“I can’t go in dad. I just can’t do it.”
Those were my words as I sat in the passenger’s seat of the car. The vehicle was parked just outside of my school. My dad sat in the driver’s seat waiting for me to go inside. I hung my head as low as possible, hoping that none of my classmates would see me sobbing as they passed by. After all, I was a thirteen-year-old boy, and I shouldn’t be crying like a little girl.
Scenes like this had become all too frequent for me. It all started happening when I entered seventh grade - emotional feelings of fear and dread overtook me in the mornings and were accompanied with physical symptoms of hyperventilating, dry mouth, and shakiness. It wasn’t that I didn’t like school; in fact, I loved it at one point. Even with my struggles, I managed to maintain a 3.5 GPA. I couldn’t pinpoint the exact cause of my fears, and yet something was keeping me in bondage.
“I hate making you go in, but the law requires you to go to school. I don’t see any other options,” my dad said as he tried to coax me out of the car. Normally, I would force myself to go into my classrooms, but today was particularly hard. My dad finally gave up and took me back home.
A meeting was arranged with the teachers and authorities at the school to explain my struggles. “Panic attacks”, “anxiety”, these were terms that my teachers and principal did not understand. In their eyes, I was just a clever kid who had found a way to manipulate my parents into letting me stay home from school. Only the school counselor, Mr. Williams understood my pain. He too had suffered with panic and anxiety problems as a kid. Aside from my parents, he was my only other advocate.
Mr. Williams helped convince the principal to allow me to attend school only half of the day. I went in at noon and then spent time at home after school catching up on my assignments. I also began counseling sessions. These special arrangements helped me for a while, but then the symptoms began to hit me again.
“Why am I going through this God?” I would pray daily. I just couldn’t figure out why I was experiencing such difficulties.
A family friend asked my parents if they had considered home schooling me. My mom didn’t feel like she was capable of being able to teach me, and so it hadn’t previously been an option. However, my physical and mental conditions were not getting any better, and so my parents pulled me out of public school.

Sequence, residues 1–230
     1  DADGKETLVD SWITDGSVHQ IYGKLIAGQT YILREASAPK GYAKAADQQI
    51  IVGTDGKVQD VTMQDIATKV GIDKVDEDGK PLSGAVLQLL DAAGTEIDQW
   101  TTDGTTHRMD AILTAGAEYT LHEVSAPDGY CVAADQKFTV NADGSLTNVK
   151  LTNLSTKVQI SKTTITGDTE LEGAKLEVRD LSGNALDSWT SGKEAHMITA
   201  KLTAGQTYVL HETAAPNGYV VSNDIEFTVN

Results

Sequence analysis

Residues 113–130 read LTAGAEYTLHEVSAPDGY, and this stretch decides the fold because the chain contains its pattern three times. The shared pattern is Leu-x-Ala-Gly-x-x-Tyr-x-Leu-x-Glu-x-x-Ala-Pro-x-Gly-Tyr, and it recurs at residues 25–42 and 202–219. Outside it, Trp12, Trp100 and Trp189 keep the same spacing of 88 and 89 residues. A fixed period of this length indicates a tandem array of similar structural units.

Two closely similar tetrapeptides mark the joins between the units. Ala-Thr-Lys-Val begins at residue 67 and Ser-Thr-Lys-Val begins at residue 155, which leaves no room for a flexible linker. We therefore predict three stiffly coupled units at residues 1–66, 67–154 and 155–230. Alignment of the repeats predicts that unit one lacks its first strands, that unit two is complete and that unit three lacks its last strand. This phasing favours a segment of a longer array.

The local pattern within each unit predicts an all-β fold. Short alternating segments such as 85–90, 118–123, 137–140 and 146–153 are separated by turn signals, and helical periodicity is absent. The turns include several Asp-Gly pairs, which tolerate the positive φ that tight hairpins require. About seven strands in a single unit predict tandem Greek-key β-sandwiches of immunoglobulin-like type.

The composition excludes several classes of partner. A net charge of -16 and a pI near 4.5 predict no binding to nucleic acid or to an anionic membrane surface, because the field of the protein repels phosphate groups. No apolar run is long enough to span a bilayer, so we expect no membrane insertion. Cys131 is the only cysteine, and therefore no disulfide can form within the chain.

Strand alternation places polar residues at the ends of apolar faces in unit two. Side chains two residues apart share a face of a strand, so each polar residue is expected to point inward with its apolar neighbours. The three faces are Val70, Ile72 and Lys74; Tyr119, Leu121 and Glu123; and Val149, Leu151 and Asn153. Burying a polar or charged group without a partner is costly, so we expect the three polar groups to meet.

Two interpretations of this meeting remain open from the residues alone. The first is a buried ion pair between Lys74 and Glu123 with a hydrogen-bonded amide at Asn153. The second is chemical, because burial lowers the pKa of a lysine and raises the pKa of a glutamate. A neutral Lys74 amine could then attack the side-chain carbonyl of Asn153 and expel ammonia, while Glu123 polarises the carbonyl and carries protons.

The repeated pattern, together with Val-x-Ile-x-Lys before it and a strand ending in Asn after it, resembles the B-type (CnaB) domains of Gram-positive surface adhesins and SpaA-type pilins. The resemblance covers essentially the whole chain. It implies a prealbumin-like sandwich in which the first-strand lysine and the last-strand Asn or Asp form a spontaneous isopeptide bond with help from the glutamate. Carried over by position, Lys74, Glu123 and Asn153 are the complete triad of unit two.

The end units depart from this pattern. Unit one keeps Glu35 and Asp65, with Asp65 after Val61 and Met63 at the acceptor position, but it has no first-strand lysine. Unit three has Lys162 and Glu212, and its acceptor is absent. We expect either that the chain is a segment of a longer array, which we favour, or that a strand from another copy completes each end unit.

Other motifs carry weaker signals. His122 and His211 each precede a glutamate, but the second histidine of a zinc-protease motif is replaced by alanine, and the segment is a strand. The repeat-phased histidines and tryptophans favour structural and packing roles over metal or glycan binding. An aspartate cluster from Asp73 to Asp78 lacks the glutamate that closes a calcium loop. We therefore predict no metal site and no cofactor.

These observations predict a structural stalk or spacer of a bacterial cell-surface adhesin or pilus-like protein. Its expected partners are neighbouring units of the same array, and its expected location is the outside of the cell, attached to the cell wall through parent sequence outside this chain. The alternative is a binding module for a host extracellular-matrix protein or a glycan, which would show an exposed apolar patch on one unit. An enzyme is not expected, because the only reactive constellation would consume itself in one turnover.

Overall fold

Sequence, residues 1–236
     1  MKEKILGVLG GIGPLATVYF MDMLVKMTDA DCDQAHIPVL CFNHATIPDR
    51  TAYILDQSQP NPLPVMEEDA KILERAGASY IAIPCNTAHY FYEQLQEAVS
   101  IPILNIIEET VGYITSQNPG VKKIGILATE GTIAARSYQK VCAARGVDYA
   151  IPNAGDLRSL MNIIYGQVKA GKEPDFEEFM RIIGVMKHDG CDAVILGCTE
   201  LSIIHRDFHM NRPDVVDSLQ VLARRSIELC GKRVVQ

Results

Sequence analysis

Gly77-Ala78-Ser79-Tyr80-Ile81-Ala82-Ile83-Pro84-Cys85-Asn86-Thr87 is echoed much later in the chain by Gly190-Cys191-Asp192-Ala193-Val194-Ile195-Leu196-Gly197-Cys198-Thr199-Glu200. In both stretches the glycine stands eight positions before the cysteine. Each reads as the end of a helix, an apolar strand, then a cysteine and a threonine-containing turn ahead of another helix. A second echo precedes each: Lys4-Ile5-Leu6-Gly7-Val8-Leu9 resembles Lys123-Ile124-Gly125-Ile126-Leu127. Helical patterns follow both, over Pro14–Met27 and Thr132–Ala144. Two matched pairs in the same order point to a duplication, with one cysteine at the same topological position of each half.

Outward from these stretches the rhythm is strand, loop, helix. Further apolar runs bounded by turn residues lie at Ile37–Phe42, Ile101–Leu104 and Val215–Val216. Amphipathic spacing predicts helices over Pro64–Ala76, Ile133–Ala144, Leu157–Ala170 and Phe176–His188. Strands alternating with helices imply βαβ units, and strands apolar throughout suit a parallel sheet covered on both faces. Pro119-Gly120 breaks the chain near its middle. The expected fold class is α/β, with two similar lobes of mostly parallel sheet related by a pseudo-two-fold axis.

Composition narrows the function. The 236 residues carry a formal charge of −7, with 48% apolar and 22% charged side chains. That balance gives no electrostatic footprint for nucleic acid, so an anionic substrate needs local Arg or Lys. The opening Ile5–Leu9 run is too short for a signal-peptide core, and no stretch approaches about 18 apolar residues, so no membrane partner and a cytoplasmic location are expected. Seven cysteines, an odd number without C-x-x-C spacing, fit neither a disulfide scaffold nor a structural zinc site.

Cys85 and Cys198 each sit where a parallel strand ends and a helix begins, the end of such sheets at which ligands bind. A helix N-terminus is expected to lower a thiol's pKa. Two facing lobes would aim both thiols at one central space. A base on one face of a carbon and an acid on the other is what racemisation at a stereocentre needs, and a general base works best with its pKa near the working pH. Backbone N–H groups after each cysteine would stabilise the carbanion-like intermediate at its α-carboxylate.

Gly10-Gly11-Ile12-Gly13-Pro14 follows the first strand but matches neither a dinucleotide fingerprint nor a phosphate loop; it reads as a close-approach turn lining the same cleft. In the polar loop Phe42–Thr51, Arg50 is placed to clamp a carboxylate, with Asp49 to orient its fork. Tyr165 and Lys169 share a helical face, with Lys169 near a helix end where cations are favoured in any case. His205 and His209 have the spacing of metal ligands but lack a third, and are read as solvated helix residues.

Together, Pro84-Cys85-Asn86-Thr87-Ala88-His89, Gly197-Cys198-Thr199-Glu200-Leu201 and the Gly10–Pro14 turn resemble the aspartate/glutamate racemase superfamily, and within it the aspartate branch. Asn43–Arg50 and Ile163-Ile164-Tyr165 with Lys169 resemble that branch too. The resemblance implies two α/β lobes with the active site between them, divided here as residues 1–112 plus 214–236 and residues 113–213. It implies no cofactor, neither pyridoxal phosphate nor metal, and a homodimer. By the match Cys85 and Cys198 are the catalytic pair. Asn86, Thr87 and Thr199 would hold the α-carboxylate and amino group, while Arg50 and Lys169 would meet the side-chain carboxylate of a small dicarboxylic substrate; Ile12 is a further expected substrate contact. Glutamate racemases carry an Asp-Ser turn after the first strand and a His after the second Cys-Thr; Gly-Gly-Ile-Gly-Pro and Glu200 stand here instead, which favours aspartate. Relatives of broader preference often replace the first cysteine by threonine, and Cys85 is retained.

I spent the rest of my middle school years, as well as all four of my high school years, at home. I was angry with God. I felt like he had abandoned me.
“I am a failure,” I would think to myself every day, as I was getting out of bed. “My dreams are ruined.”
I wanted a successful career. How was I going to get that being at home? I wanted friendships and social interaction, but I couldn’t even handle the social aspects of public school.
It finally came time for me to graduate high school. By this time, I had calmed down and gained some control over my emotions. It had been a long time since I had a panic attack.
I was excited about my first week of college, and the thought of furthering my education gave me a renewed feeling of hope - until the anxiety began to build up inside me again.
I started to feel the same terror that had gripped me five years earlier. Thoughts of quitting college began to fill my head. I was ready to retreat into my comfortable shell at home, never to be seen again by the general public. It was at this time, that I began to hear a voice whisper to me.
“Remember seventh grade? Will you keep on running from this demon? Or will you allow me to help you overcome it once and for all?”
It was at this moment that I realized that the difficulties I had faced as a teenager were now helping me avoid ruining my life as an adult. I wasn’t going to repeat the mistakes of the past. I was going to get that Bachelor’s Degree…
And in May of 2006, I did get it. Praise the Lord!
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